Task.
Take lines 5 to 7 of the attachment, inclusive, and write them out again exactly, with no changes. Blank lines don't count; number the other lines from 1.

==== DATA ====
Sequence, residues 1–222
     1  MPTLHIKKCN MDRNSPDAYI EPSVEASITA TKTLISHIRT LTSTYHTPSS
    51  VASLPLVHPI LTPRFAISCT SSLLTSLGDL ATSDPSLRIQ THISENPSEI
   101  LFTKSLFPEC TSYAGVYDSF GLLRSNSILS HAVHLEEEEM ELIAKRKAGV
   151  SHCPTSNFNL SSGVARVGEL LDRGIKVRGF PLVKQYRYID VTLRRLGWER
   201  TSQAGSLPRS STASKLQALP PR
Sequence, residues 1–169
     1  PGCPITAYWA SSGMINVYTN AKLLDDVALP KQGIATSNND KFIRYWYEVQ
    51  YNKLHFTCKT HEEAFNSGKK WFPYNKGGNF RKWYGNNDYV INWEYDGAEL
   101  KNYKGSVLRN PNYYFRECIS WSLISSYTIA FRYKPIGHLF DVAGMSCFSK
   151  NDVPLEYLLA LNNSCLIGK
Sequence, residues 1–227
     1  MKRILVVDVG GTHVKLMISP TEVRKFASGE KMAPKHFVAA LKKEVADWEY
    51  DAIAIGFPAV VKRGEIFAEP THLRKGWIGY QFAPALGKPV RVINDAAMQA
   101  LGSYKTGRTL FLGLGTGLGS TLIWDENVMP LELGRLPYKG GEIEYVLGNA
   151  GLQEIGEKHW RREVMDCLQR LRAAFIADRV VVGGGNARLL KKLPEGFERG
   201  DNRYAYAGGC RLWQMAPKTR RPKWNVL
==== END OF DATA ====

   151  SHCPTSNFNL SSGVARVGEL LDRGIKVRGF PLVKQYRYID VTLRRLGWER
   201  TSQAGSLPRS STASKLQALP PR
Sequence, residues 1–169